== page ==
Q&A with Garret Waterstradt, AHS ’18

Garret's success with Team USA took him to gymnastic competitions around the world. Now, as a research assistant in the Molecular Muscle Physiology Lab, he is thinking about muscles in a whole new way.
interviewed by Kim Schmidt

How did you decide to come to Illinois and enter the College of Applied Health Sciences?

My mom has worked for the University of Illinois for over 30 years now, so I grew up around the campus. It always seemed like the right place for me to go, and I love being near home and family. I decided to enter the College of Applied Health Sciences because kinesiology is all about the study of body movement and exercise. Being a former world gymnastics competitor, exercise was the focus of my life growing up. Everything felt like a perfect fit in coming here.

Can you tell me a bit about what you do in the Molecular Muscle Physiology Lab led by Professor Marni Boppart?

I work in the Molecular Muscle Physiology laboratory where we study a protein in the body called an integrin, which helps your muscles attach to other parts of the body and keep them in place. I work with a grad student and mostly assist him with his research. This consists of setting up/running experiments and compiling data and analyzing it. I also get to work with mice, which we sometimes use as our test subjects for experiments.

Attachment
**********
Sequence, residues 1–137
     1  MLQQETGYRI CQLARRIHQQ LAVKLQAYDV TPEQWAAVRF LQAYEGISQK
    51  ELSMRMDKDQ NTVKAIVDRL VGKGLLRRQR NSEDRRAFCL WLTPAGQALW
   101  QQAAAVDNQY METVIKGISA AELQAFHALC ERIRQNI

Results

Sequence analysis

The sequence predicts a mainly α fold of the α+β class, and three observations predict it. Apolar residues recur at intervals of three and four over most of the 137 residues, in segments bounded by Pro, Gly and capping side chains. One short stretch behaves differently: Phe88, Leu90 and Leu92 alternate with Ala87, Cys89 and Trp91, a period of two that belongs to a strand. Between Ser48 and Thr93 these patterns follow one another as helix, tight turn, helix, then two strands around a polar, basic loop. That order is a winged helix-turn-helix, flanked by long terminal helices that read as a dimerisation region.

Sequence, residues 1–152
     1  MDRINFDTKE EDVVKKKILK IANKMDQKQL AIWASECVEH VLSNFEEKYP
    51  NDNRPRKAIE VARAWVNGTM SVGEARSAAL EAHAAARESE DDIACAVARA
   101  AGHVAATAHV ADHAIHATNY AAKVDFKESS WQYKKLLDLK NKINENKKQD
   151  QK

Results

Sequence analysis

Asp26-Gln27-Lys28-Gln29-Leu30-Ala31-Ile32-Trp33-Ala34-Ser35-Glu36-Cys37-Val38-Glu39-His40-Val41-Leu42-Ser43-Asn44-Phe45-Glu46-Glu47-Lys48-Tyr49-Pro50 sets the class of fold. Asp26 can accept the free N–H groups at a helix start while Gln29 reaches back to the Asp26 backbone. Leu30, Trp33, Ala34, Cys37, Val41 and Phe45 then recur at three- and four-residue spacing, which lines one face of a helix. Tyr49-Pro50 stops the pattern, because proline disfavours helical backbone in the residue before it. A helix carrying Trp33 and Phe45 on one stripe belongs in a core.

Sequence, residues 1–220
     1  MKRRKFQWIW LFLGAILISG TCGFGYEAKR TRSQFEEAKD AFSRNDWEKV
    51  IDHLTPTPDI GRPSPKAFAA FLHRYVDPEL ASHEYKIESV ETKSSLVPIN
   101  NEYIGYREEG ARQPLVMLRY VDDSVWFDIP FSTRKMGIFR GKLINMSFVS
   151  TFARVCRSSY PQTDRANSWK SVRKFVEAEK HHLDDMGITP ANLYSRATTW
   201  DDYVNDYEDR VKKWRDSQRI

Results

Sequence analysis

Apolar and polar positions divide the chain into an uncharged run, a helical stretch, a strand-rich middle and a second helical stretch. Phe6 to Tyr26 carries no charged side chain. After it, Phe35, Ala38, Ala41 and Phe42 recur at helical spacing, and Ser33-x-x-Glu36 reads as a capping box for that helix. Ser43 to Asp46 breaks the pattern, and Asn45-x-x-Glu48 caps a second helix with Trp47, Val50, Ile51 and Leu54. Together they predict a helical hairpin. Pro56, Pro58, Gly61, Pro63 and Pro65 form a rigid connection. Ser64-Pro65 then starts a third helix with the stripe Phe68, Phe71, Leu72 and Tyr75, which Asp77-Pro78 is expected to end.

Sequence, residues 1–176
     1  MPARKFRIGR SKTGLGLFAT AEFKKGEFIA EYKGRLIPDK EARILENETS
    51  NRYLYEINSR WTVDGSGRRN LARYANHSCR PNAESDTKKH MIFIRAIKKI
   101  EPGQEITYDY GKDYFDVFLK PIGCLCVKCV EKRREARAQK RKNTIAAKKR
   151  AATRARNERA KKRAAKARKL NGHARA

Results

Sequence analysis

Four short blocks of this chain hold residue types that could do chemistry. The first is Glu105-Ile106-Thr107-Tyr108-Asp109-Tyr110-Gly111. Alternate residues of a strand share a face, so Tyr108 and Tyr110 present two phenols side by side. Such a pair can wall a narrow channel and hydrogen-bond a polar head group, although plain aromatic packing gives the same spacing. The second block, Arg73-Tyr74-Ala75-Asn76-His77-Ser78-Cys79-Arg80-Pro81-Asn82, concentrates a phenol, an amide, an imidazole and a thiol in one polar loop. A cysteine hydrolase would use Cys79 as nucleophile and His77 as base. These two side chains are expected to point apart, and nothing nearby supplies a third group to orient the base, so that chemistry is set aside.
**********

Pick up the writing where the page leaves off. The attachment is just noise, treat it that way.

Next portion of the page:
How has being a Stamps Scholar shaped your undergraduate experience?

Being a Stamps Scholar is wonderful, because it provides me with the capabilities and funding to do activities that I may not have been able to do without it. Besides making friends in the program, we also have a biennial convention where Stamps Scholars from every school that participates come together to share knowledge and learn from world leaders in our fields. This has been a great way to make connections. I have also participated in an Outward Bound program where I sailed in Maine for a week with eight other scholars, and did a two week study abroad in Australia to study their health care system and how medicine is delivered to different communities.

What do you hope to do after you graduate?

After I graduate I hope to attend medical school somewhere along the East Coast, hopefully in Boston, New York City, Washington DC, or Maryland. After that I want to work as either a sports medicine surgeon or an orthopedic surgeon. The long-term dream is to one day make a full circle on my gymnastics career and become the team physician for USA Gymnastics.